It was with some compunction that I acceded to the flattering invitation from Donald Yerxa, editor of Historically Speaking, to write of a professional life in the field of my specialty. Reluctance was the greater in that I had already given an account of that career in Isis on the occasion of the 75th anniversary of the History of Science Society in 1999.1 In all probability, however, there is little if any overlap between subscribers to Isis and those to Historically Speaking. That such should be the case is one of the situations discussed. Anyone who consults the earlier essay will find that it turns on personal and institutional factors. I tried not to repeat myself more than was necessary to make what follows intelligible, and ventured instead to offer some reflections on the context of my work in relation to the development of the historiography of science.
First of all, a word about the subject. The generation to which I have the good fortune to belong is commonly said to have founded the history of science as a professional field of scholarship in the years after World War II. Marshall Clagett, I. Bernard Cohen, Henry Guerlac, Erwin Hiebert, Alistair Crombie, Giorgio di Santillana, Rupert and Marie Hall, Georges Canguilhem, René Taton, Thomas S. Kuhn-those are among the notable names. Having majored in some branch of science as undergraduates or the equivalent, and gone on to graduate school before or just after the war, all of us had somehow developed a strong ancillary taste for history. We came out of service of one sort or another in 1945, dazzled like everyone else by Hiroshima, the Manhattan Project, sonar, radar, penicillin, and so on. Independently of each other, or largely so, we each harbored a sense that science, even like art, literature, or philosophy, must have had a history, the study of which might lead to a better appreciation of its own inwardness as well as its place in the development of civilization.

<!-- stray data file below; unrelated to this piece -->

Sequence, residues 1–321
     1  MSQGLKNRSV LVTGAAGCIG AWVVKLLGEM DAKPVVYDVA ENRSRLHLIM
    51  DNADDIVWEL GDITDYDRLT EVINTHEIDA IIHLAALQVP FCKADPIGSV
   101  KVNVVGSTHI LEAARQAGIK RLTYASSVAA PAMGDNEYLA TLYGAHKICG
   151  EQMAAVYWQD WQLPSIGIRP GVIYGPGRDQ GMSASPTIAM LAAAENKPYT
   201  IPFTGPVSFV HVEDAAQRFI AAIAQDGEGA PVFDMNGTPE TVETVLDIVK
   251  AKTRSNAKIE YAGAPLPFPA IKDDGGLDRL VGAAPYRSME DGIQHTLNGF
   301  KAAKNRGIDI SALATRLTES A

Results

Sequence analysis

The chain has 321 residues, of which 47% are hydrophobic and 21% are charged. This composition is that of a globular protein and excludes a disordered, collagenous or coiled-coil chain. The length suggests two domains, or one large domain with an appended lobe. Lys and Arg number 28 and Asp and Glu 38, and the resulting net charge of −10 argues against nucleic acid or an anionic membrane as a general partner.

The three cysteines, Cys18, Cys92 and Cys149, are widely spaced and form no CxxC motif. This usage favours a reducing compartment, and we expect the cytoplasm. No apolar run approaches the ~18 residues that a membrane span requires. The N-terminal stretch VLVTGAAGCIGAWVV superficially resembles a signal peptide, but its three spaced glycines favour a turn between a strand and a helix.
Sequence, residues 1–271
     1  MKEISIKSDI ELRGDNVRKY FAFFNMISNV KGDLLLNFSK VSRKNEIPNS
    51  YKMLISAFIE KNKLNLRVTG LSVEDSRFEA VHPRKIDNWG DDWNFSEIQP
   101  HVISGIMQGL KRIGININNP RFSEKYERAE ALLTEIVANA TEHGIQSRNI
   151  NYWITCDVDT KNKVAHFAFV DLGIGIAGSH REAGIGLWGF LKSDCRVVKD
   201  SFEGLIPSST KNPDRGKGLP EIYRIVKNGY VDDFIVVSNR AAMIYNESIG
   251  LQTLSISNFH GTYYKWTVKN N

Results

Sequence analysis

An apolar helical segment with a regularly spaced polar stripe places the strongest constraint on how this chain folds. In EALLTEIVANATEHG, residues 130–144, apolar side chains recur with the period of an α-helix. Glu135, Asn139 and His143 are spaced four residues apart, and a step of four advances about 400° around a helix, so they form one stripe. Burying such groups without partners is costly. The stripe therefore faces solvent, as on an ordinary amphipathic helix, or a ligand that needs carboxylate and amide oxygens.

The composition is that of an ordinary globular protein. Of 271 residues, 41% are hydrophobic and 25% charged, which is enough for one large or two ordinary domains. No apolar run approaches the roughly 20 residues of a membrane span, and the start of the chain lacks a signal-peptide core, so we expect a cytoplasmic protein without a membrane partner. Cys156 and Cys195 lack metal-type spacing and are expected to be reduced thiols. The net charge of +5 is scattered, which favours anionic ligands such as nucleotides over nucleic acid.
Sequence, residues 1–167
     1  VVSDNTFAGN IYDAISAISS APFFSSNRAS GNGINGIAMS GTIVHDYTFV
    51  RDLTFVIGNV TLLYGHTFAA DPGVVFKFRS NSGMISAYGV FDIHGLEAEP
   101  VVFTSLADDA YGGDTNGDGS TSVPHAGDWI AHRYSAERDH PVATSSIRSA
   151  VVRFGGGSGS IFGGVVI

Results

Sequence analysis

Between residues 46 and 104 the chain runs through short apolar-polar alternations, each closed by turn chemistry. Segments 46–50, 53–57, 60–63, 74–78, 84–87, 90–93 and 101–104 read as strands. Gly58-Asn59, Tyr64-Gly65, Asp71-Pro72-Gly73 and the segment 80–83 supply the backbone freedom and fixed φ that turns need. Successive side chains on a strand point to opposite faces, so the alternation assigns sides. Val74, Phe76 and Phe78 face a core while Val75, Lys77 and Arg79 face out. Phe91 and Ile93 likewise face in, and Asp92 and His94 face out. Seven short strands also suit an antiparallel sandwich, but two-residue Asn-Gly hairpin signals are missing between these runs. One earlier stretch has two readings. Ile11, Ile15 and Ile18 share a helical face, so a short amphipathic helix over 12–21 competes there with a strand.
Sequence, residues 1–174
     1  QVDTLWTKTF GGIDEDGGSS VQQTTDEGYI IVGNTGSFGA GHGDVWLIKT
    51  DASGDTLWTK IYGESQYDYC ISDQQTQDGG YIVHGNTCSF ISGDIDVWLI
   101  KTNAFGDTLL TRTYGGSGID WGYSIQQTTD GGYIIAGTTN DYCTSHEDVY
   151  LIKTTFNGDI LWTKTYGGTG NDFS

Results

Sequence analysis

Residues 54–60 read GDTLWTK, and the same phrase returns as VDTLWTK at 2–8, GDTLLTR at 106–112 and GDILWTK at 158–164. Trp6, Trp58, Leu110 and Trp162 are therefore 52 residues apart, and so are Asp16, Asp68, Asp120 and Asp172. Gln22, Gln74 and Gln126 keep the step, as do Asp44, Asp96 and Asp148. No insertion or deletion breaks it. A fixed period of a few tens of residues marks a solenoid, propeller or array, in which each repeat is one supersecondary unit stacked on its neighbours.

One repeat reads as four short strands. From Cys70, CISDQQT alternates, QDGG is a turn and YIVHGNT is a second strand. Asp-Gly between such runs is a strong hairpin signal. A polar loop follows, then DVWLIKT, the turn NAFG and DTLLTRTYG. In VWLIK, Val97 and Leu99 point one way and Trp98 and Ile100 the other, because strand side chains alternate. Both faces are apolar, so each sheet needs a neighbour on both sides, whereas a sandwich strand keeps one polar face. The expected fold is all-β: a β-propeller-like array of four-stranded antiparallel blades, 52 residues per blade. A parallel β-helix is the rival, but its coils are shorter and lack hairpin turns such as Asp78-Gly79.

With a few stellar exceptions, the history of science until that time was the province either of philosophers-Condorcet, Comte, Whewell, Duhem, Mach-each adducing exemplary material in service to their respective epistemologies, or of elderly scientists writing the histories of their science, or sometimes all science, in order to occupy their retirement. Though not written in accordance with historical standards, neither of these bodies of literature is to be ignored. The one is always suggestive and sometimes informative, the other often informative, almost always technically reliable, and rarely of much interpretative significance. Of the two notable scholars who flourished in the 19205 and 19305, George Sarton was a prophet and scholarly bibliographer rather than a historian, while E. L. Thorndike was a devoted, learned antiquarian riding his hobby horse of magic and experimental science through the library of the Vatican. Though much and rightly respected, neither found a following. Nor did E. J. Dijksterhuis, whose The Mechanization of the World Picture (1950) is a classic that will always repay study.
Anticipations of a fully historical history of science appeared in the work of Hélène Metzger on 18th-century chemistry and Anneliese Maier on medieval science. Herbert Butterfield's The Origins of Modern Science, 1300-1800 (1950) was a godsend both in itself and in that it was one of the few things one could expect undergraduates to read. The same was true of Carl Becker's Heavenly City of the i8th-Century Philosophers (1932), a supremely literate essay which (unfortunately in my view) has fallen into disfavor among students of the Enlightenment, and also of Arthur O. Lovejoy's The Great Chain of Being (1936), a founding work in the modern historiography of ideas. Two ancillary masterpieces, one from the side of sociology, the other from philosophy, were still more inspirational in exhibiting respectively the social and the intellectual interest that the history of science may hold, namely Robert K. …